An interview with Juan de la Cruz
O.C: Mr. de la Cruz, welcome to our humble offices. It’s been a while since our last interview. How are you this fine Thursday morning?
JDLC: The day may be fine, but I certainly am not.
O.C: I am sorry to hear that, but you seem to have lost weight, and appear to be a bit pale, judging from the pallor of your skin.
Please tell us your health isn’t failing.
JDLC: Frankly, I am not in the pink, if you must know. For the past six months, I have been under the weather, and was even hospitalized for a period due to suspected pneumonia.
O.C: Maybe the cold windy afternoons may have something to do with your condition, and getting drenched in the rain, for someone your age, might even be life threatening.
JDLC: The doctors say I caught a virus. I suffer from dizzy spells and persistent coughing, and on some days, I can’t even move my bowels. Unable to do that, I sweat all over due to nasty stomach pains.
At night, I am usually awakened by a funny sensation in my penis, and if I ignore it, I wet my pajamas and my bed.
I fear I am dying, and may suffer cardiac arrest if I tire myself out from any kind of physical activity, including playing with my own self with an electric massage. But my friends say that I will be around for much longer, since like them, I am bad grass.
O.C: I hate to say this, but it’s just delaying the inevitable. Hell is where all bad grass is headed.
JDLC: That’s not very comforting. Anyway, I plan to reform myself in the next few months. Church every day, prayers every morning, rosary every night. More important, sharing my blessings with those in need.
Hopefully, St. Peter will throw open the pearly gates when I get there.
O.C: I seriously doubt that. If you lead a sinful life, no way will cramming get you to heaven.
Your best bet is to at least be sent to Purgatory, and with some luck, heaven later.
By the way sir, you are from Baguio, are you not?
JLDC: Yes, I was born, raised and except for a brief stint in Diliman (seven semesters, three summers to be exact) educated here.
O.C: I take it then that you are familiar with the Baguio before and after.
JDLC: But of course. A city billed as the Summer Capital, a City of Pines and between then and now, a character city to a creative one.
O.C. (giggling): I understand what you are saying. All that billing hasn’t done much good for the city. Skeptics will tell you that we are neither a city of character nor a creative one, certainly no longer a city of pines, no longer able to claim exclusivity to being a summer capital.
In truth, the competition is drawing away the tourists and other visitors.
Without the Christmas break and the Panagbenga, what would Baguio be? Thank God for the year-round cool weather.
A city of quakes, landslides, garbage, and informal settlers most likely.
JDLC: The new mayor seems to be trying his darnest to change that sorry image, but critics say he wants to enhance his image as well.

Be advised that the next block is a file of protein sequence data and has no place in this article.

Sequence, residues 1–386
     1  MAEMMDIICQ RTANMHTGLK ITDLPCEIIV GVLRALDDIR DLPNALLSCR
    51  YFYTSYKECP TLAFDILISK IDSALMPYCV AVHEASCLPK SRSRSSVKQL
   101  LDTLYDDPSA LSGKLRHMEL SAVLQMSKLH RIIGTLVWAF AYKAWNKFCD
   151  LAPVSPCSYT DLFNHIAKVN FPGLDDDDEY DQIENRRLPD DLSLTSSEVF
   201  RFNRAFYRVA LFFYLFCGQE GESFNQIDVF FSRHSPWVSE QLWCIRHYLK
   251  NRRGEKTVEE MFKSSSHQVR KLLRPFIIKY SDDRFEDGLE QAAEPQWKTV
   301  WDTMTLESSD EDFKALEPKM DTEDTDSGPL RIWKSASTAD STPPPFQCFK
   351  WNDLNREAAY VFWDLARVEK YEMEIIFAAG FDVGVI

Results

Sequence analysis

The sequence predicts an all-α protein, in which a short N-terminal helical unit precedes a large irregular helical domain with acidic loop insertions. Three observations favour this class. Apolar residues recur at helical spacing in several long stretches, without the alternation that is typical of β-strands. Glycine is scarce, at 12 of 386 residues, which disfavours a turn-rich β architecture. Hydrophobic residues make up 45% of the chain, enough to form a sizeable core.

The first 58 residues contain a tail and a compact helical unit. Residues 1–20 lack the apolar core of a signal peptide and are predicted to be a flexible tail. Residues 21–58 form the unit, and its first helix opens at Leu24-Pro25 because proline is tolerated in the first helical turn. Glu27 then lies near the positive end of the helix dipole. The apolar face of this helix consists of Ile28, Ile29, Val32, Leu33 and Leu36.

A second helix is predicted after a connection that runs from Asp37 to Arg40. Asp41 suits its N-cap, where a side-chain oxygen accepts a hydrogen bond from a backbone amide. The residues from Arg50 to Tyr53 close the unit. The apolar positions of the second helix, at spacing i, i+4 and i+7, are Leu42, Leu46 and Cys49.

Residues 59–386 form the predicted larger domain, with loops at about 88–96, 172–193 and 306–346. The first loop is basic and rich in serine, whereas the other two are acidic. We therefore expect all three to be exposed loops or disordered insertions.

You know how it is in politics. Once bitten by the bug, the poison in your mind starts to work, and you begin to think you deserve a higher office as time goes on.
It’s like the pursuit of wealth and happiness. The richer you become, the more you crave for more and more, and more.
O.C: You think that has something to do with the Filipino psyche, influenced by Spanish imperialism and American corruption. Too bad the Japanese were only here for four years. If they had stayed longer, we would be a proud, dignified, and an honorable race, whose love of country exceeds love of self.
JDLC: You are right. As we are, happiness is never enough. Already happily married, a scheming woman can still take you away from all that, promising a better paradise in the comfort of her bosom, while her hands dig into your pockets.
O.C. Mr. de la Cruz, if you don’t mind, can we go back to what ails the city?
JDLC: Ah yes, it is a problem all the world over, like in the U.S., which will always be divided because white or black will never see eye-to-eye.
The blacks proclaiming that the U.S. can only be united and one regardless of color.
But their agenda is suspect insofar as the whites are concerned, that what they really want is not a united America but a black United States.
Slaves in the colonial years, they want to turn things around this time.
But who can blame them? It is the same here. Too many ethnic groups wanting to put one over the other, and pretty soon, the resentment transforms into hatred.
Baguio should have been preserved only as a tourist spot and educational center. No migrants, no big businesses.
The multinational companies should have been set up in nearby La Union, and the open invitation to Muslims to come and reside here may have been an error that we will continue to regret.
Look at China, it isolated itself by putting up the Great Wall.
That is why they are a world power today.
O.C: Mr. de la Cruz, these are sensitive issues which we would rather not discuss with you. Let’s just leave our fate in the hands of the Almighty.
Post script: At last, a true-blue Baguio boy as Philippine National Police chief. We pray that after two months, his tenure will be extended by President Rodrigo Duterte.
Only someone with a Baguio heart knows how to run a 209,000-strong police force. Hearts and minds are what new PNP boss General Camilo Cascolan has. Adopted Baguio boy Art Lomibao might be able to help him, not just for the sake of the PNP, but for the Filipino nation at large.
Saludo sir, kayang-kaya mo ‘yan.